|Collaborations at the Museum of the Living Artist|
Tim Field, CEO of the San Diego Art Institute, presides over the most prominent San Diego art organization working with visual artists in all media exhibitions. SDAI exhibits more than thirty juried shows in its two exhibit spaces, the Museum of the Living Artists (Balboa Park) and the San Diego Art Department (North Park).Field was inspired to make a visual comment on the variety of collaborations within SDAI that reached inside and out the organization. He organized an exhibit that showcased the San Diego Art Department (the SDAI affiliate in the North Park community that provided an important educational venue), the Digital Art Guild (partner with SDAI on the Institute's First International Digital Fine Art Exhibition, 2006) and three artists who began working together as part of a Movers and Shakers art group. Some of the exhibition was a retrospective, while other parts were newly created for this exhibit to showcase artistic collaboration. The exhibit ran from November 13 - 22, 2009.
Claire Slattery looks east the day before the show opens. This area looks to work exhibited by the San Diego Art Department and the three collaborative artists, Ellen Dieter, Shahla Dorafshan and Richard Messenger.
Digital Collaboration: A Title in Common, but a Different Vision of the Night Flower
Renata Spiazzi creates wildly colorful and dynamic fractals, often printing them on canvas and stretching them as a gallery wrapped painting would appear. In this composition, Spiazzi invites the viewer to the pond in the darkness of the night to search for the night flower. She usually works with fractals to discover compositions at times completely non- objective and at times only barely abstract. In this case we recognize the darkness, the reflections and the mention of growth enough to push the viewer into the search -- Search for the Night Flower.
Joe Nalven generally works from his own photographic sourced images and will frequently mount mylar prints on metal that have been brushed and patina’d. In this composition, Nalven has taken two infrared images and pushed them in different directions – in color and along the continuum from representation to abstraction; the other is an infrared photograph of a hand that was converted to black and white. He calls this God Creates the Nightflower as a re-imagining of Michelangelo’s Sistine Chapel fresco called God Creates Man. Nalven invites the viewer to rethink the original Biblical narrative as well as the medium that would optimize a contemporary feel.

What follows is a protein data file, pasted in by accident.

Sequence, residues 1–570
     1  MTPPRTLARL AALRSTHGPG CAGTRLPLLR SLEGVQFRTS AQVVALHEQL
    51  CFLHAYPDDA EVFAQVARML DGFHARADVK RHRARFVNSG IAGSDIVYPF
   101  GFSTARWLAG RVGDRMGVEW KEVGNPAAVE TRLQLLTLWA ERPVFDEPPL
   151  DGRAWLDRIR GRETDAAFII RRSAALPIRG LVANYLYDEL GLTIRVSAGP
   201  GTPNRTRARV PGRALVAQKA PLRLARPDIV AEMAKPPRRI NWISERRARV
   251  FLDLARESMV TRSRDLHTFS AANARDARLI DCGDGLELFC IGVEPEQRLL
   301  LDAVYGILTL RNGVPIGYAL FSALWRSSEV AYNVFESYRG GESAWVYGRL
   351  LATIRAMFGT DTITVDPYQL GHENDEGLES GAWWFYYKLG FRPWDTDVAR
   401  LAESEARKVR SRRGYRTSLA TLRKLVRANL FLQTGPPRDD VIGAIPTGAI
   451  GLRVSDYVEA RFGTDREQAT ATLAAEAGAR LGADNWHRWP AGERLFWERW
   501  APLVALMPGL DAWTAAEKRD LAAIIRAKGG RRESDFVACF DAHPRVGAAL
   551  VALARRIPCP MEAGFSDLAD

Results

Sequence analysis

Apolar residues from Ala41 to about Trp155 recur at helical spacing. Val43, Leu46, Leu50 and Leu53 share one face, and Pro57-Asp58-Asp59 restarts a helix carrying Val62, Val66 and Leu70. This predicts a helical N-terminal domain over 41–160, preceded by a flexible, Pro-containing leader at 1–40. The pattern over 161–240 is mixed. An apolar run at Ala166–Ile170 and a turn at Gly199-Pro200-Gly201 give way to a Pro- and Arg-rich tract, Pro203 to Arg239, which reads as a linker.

The Organizations - Digital Art Guild and San Diego Art Institute
Three Artists Paint Three Administrators
Ellen Dieter, Shahla Dorfashan and Richard Messenger, working under the umbrella of the Movers and Shakers association, arranged to paint three SDAI staff members: Tim Field, CEO, Kerstin Robers, Director of Administration and Andrea Chamberlin, Director of the Education Program for the San Diego Art Department. What began as a single grouping of images soon became a fasination and blossoming of numberous portrait sets.
All of their paintings in this series were painted collectively.
Portrait I - The Threesome Collaborate
Ellen Dieter describes this collaboration at her blogspot: "Working in collaboration with Richard Messenger and Shahla Dorafshan puts a smile on my face! Our collaboration was born out of an idea for the San Diego Visual Arts Network's project MOVERS AND SHAKERS. We, a group of artists, ERS, (Ellen, Richard, Shahla) were to create a group portrait. We painted together, all of us on the same surface, big pieces of brown paper (generally 4' x 6') at the same time! An amazing experience!"
Kerstin Robers,Tim Field and Andrea Chamberlin
In reflecting on this collaboration, Richard Messenger observed, "It seemed like an unrehearsed symphony at times. Spontaneous. Free. We didn't need many words. We trusted each other and respected each others moves and yet at the same time might paint over what someone had just painted. We all moved easily around one another. It might seem corny but we worked as one, yet remained very individual. We all seemed to agree when we were done or not done. The more I think about this unusual process and the outcome, the more I believe it was a gift to paint with these two wonderful artists that it seems unlikely for this combination to happen again. I can only conclude it was inspired."
Portrait V - A, B, C
Dorfashan summed up her experience with this threesome painting: "To collaborate in this way, you need to think out of the box−to relax your own vision and style. In order to have a painting by three to be as if we were one, by working in one painting together, I needed to avoid thinking that I was always right and yield to the other artist painting over my painting."
Shahla Dorafshan's artwork can be viewed at her website - Shahla's Gallery.
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